Applying systems thinking in practice
With Educate, we were creating a product to help users answer simple support questions themselves. This helps users resolve their questions faster, and lets support teams focus on questions that need deeper investigations.
So we asked ourselves: What are the core elements in this system? For us it was an “article” – content written by the company to provide answers to common questions. It has an author, content, and ways for users to give feedback on the article.
So far, so easy.
Next, we mapped out how these elements were connected and their inputs and outputs. How do articles get created? How do articles get delivered to people?
Most of these questions have a domino effect. No sooner have you answered one question then you’re left with another that needs answering. How do these elements feedback to one another? How does this system interact with other systems? By continuing to probe, we were left with the following system:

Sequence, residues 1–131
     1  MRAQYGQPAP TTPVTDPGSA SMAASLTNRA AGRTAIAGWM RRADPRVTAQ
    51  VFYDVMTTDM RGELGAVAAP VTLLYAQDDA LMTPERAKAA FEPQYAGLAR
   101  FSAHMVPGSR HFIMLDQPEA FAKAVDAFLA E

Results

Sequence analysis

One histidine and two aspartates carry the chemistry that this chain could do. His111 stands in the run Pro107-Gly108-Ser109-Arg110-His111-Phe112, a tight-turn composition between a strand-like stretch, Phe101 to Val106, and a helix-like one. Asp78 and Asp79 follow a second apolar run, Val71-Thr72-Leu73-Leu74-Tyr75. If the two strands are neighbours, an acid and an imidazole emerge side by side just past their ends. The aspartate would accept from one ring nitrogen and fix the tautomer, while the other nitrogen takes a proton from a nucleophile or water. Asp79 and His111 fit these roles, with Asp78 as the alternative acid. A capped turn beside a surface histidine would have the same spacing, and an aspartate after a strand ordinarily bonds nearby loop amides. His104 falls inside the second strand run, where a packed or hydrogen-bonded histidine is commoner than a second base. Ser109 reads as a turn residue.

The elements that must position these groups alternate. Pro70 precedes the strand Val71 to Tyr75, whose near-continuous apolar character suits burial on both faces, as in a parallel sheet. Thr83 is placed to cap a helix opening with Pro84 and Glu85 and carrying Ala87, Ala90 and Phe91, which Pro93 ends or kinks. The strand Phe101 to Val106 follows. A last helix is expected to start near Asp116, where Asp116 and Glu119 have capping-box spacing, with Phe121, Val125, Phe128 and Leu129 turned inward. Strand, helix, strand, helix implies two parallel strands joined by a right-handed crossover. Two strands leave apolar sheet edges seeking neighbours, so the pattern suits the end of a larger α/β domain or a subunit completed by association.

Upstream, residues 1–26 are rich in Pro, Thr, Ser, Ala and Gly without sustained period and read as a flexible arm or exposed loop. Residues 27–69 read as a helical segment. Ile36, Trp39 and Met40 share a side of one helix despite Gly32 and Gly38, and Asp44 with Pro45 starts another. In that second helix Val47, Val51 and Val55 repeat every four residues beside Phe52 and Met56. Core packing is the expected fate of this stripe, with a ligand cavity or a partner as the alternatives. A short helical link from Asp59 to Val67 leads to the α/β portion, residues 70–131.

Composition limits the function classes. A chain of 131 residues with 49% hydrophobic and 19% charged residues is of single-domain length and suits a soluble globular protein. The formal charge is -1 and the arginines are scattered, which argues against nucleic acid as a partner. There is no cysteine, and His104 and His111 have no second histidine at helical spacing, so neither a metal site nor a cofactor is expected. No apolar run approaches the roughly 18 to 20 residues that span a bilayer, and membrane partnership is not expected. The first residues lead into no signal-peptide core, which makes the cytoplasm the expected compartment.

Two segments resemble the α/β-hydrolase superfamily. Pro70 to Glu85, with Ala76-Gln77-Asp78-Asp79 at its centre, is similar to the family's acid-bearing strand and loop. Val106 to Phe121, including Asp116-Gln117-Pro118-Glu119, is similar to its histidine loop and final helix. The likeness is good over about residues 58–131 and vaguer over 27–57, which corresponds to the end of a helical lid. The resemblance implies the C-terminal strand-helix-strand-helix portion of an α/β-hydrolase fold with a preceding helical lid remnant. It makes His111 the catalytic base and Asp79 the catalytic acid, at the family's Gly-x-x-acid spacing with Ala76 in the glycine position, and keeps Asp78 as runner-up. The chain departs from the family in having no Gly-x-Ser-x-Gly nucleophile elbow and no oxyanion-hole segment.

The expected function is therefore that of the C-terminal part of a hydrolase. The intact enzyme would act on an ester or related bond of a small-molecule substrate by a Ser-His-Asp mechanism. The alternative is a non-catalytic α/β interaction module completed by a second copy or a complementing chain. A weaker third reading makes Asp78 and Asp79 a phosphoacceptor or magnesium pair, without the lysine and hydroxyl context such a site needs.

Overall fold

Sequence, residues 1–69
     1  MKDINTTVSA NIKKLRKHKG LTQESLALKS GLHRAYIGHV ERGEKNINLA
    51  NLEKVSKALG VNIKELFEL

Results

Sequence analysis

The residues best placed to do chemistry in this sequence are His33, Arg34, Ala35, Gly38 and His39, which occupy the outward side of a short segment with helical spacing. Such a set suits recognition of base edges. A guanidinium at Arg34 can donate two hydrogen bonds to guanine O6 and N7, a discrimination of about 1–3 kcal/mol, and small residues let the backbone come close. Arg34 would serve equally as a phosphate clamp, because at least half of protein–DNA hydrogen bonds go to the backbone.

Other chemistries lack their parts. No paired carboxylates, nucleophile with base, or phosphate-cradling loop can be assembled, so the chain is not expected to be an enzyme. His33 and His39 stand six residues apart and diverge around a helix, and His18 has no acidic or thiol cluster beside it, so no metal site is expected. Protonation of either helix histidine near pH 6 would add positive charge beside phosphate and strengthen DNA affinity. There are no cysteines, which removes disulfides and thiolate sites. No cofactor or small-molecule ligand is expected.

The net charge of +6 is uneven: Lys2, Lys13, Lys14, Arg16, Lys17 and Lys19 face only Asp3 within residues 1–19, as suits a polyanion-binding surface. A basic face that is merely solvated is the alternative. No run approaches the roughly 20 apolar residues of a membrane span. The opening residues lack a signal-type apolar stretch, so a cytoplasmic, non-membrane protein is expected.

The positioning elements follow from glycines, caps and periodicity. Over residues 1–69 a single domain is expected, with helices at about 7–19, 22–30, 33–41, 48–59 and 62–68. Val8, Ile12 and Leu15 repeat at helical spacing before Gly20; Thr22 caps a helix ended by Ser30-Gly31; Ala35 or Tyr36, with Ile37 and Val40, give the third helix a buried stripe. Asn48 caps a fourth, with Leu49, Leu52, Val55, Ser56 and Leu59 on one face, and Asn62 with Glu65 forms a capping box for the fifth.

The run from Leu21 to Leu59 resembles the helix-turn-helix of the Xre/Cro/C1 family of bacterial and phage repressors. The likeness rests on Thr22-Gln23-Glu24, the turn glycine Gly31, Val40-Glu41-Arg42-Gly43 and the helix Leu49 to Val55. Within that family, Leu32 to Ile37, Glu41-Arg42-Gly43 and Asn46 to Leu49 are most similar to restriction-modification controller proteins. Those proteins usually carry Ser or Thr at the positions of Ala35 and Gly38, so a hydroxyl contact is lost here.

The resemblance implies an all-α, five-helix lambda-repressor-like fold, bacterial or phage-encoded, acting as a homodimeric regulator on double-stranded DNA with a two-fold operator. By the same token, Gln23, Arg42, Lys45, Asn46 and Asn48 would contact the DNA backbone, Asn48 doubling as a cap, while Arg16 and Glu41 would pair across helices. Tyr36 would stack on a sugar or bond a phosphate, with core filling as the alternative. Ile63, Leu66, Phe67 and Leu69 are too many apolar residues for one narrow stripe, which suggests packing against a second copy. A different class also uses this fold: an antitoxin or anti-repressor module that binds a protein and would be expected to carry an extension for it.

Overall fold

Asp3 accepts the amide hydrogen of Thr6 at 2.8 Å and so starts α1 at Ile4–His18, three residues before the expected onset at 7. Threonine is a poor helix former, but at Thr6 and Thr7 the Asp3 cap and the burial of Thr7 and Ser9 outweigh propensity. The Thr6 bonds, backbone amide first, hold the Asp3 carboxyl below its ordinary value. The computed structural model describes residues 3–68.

As you can see, what looks like a straightforward problem at the outset has an incredibly complex system behind it. Of course, we could have jumped headfirst into designing the atomic units of this system right way, but without everyone agreeing how these components interacted with one another, we would have got bogged down discussing unnecessary details without a clear vision of where we were heading.
Never easy, always worth it
If the above system seems like an overly complex approach to apply to your designs, let me bring you through a few of the ways that this approach can help you during the product execution phrase: